Economic Performance, Government Finances, and Satisfaction with Democracy

Andrew Klassen

    Research output: Contribution to conferenceConference paper presented at Conference (not in Proceedings)

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    Introduction: Multiple indicators of economic performance are important for public satisfaction with democracy, but it is uncertain at which levels different economic indicators have positive or negative effects on satisfaction with democracy.

    Purpose: The aim of this article is to determine the value ranges of key economic indicators that are associated with maximum and minimum levels of satisfaction with democracy..

    Methods: This correlational cross-sectional study aggregates over 3.2 million survey respondents in 147 countries between 1973 and 2016. The analysis utilises bivariate regressions, data visualisation, and multilevel random-effects models.

    Results: Positive effects on democratic satisfaction are significant when real interest rates are below 3.5%, gross national savings are above 23% of gross domestic product (GDP), government budget balances are above -1.6% of GDP, government debt is below 30% of GDP, unemployment is below 5.5%, inflation is between 1.8% and 2.8%, GDP growth is above 4.2%, and gross national income per capita is above US$33,000.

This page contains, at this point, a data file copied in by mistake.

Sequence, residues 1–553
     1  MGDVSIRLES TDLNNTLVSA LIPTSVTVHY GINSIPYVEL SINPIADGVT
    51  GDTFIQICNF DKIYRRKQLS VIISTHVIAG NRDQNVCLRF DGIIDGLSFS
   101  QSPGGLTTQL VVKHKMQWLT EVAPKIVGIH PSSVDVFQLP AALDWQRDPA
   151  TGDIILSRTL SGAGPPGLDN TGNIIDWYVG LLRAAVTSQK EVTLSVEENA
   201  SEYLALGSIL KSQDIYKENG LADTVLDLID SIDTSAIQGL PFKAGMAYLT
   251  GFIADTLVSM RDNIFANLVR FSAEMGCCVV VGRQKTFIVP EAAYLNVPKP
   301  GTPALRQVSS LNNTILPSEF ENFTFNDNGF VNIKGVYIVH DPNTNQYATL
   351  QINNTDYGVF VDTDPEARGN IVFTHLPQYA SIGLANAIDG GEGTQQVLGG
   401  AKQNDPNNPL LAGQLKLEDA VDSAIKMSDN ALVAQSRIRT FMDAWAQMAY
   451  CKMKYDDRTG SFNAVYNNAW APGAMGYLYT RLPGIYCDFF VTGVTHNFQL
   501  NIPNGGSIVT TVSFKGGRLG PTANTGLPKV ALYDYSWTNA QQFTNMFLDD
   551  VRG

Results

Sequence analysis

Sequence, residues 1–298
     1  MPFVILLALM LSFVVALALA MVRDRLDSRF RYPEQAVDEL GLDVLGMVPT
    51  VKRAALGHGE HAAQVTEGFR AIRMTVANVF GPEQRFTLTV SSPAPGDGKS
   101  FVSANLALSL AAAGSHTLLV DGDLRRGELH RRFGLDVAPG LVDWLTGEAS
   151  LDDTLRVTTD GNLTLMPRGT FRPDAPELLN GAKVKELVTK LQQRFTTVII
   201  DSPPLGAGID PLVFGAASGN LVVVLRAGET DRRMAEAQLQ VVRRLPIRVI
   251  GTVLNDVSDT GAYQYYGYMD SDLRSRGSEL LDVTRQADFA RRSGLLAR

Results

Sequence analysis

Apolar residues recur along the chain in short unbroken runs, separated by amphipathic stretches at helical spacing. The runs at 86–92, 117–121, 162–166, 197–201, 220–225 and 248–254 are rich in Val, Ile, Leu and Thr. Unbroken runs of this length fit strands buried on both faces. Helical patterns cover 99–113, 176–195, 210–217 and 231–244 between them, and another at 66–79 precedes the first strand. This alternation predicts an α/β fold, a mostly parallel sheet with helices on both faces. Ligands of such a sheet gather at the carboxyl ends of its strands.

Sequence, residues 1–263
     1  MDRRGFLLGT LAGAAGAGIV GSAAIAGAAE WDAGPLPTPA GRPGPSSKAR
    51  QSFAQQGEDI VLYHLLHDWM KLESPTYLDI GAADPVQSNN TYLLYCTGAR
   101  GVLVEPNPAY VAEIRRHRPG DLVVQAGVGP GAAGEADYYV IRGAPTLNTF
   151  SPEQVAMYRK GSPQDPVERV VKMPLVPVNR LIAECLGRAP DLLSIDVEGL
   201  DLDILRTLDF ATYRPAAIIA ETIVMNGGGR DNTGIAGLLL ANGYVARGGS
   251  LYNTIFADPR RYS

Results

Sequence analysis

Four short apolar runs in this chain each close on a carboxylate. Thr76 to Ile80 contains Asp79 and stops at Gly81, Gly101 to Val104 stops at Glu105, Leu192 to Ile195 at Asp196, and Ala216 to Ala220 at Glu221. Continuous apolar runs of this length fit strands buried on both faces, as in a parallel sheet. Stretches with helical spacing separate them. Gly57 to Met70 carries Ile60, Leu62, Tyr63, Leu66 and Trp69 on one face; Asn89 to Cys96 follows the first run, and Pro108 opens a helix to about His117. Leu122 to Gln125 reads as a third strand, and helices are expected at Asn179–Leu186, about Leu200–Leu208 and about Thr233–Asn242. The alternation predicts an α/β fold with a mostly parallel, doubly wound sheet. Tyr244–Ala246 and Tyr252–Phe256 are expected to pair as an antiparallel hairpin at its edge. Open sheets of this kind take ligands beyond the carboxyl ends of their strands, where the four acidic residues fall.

Conclusion: The indicators in this study collectively explain about a third of the variation in democratic satisfaction, illustrating the importance of a healthy economy and sound government finances. The ranges resulting from this study provide concrete guidance for public policy.
    Original languageEnglish
    Number of pages21
    Publication statusPublished - 2017
    EventAustralian Political Studies Association 2017 Conference - Melbourne, VIC, Australia
    Duration: 25 Sept 201727 Sept 2017


    ConferenceAustralian Political Studies Association 2017 Conference
    CityMelbourne, VIC


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